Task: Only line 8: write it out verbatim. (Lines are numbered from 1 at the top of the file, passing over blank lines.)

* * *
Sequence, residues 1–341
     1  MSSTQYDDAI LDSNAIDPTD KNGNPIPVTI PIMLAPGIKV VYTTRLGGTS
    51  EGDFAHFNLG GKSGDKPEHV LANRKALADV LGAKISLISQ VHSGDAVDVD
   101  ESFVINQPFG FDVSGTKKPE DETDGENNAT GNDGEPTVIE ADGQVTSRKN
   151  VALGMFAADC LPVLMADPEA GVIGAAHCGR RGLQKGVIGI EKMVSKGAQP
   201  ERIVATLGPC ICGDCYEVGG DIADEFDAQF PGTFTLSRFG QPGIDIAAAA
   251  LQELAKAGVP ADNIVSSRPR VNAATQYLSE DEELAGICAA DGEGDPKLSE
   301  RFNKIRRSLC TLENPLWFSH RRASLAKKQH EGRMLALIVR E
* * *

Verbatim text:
   301  RFNKIRRSLC TLENPLWFSH RRASLAKKQH EGRMLALIVR E